Last year’s “Miracle on the Hudson” birdstrike crash of US Airways flight 1549 at New York LaGuardia airport focused the aviation industry and regulators on reducing bird-aircraft strike (birdstrike) related risks. Birdstrikes annually cause significant revenue loss to the aviation industry due to aircraft downtime in inspecting for and repairing damage and from the resultant flight delays/cancellations, and, most importantly, place the lives of aircrews and passengers at risk.
One year after Flight 1549, what has progressed? What are the new birdstrike challenges?
Over the past year, airports, airlines and regulators have intensified efforts to reduce birdstrike risk that have included expanding bird control programs and deploying new technologies , such as bird radar systems, however much still remains to be done. Funding and operational integration issues however remain obstacles, especially in the current economy, and airports, airlines and regulators must find creative, cost-effective ways to more effectively manage birdstrike hazard risk. To ensure optimal birdstrike mitigation, there needs to be finely-orchestrated communications and operations between the operators on the ground (airports) and in the air (airlines).
In this informative webinar, you will learn:
- Effective information flow between airports and airlines for optimal reduction of birdstrikes
- How airports, airlines, and regulators have expended bird control efforts over the past year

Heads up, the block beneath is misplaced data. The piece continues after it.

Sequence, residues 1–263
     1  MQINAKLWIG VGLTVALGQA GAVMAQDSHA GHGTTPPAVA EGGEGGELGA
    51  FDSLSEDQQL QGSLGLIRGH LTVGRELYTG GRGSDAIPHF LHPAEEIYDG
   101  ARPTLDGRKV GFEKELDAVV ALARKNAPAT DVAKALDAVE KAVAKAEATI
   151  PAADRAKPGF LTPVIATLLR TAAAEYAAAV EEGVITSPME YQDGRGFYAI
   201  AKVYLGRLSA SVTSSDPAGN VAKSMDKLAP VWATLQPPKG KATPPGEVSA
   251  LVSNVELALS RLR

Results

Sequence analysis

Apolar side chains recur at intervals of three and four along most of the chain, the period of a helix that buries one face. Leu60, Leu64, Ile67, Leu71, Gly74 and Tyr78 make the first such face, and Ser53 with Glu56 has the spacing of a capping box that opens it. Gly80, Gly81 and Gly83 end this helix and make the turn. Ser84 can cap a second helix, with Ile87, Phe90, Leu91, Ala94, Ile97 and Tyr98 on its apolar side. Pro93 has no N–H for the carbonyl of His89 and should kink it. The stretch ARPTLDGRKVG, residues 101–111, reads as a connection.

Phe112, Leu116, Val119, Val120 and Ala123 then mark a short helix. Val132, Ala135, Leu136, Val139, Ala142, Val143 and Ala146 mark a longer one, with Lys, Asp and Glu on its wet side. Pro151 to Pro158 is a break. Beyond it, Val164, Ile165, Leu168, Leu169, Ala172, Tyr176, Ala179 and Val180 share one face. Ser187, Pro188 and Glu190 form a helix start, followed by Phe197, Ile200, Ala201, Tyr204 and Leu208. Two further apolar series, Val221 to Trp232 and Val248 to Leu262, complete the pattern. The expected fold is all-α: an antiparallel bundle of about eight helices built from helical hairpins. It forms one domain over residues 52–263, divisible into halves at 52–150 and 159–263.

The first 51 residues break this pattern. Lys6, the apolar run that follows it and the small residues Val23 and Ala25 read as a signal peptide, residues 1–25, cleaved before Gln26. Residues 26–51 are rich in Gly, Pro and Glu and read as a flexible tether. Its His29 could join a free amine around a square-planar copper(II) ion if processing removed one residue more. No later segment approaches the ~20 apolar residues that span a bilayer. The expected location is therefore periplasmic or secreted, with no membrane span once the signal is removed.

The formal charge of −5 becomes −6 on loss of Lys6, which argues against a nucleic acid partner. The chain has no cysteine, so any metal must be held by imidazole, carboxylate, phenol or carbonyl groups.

- Leveraging emerging technologies to reduce birdstrike risk
- Cost-saving and easily implemented modification measures to enhance safe flight operations on the ground and in the air
- Risk analysis and metrics to ensure the maximum utilization of resources for birdstrike prevention
Capt. Paul Morell,
VP Safety and Regulator Compliance ,
Captain Paul Morell, US Airways vice president, safety and regulatory compliance, serves as the airline's Federal Aviation Administration (FAA)-mandated director of safety, ensuring that required safety program elements have been established, implemented, and maintained throughout the airline. He is an aviation veteran, previously serving as US Airways' director, flight training and standards. He was also fleet captain for the US Airways' Airbus A330, Boeing 757 and Boeing 767 fleets, overseeing pilot training and operational policies and procedures.
Manager, Airside Operations, Minneapolis-St. Paul International Airport
Chairman - Bird Strike Committee USA
John Ostrom is the Manager of the Metropolitan Airports Commission’s Airside Operations Department at the Minneapolis-St. Paul International Airport (MSP). Hiss responsibilities include overseeing the staff of the Airside Operations Department whose duties are to manage the day-to-day operations of MSP. In addition to his supervisory duties, he manages a variety of MSP’s operational programs such as the Wildlife Hazards Management Program, the Runway Incursion Prevention Program and the Airport Certification Program.
Ronald L. Merritt,
President & Director BASH Services ,
Ronald L. Merritt is a founder and the President of DeTect Inc. (www.detect-inc.com) and the Director of Bird-Aircraft Strike Hazard (BASH) Services and Technologies for the company. He has a Masters degree in Biology and is a retired US Air Force officer (Major ret.) with over 25 years of experience as flight safety specialist and airport bird-wildlife control biologist. He was an Assistant Professor of Biology at the US Air Force (USAF) Academy and the Director for the largest core course in general biology. For over 20 years, he been a leader in the development and implementation of programs and technologies for reduction of bird and wildlife strikes for both military and civil aviation.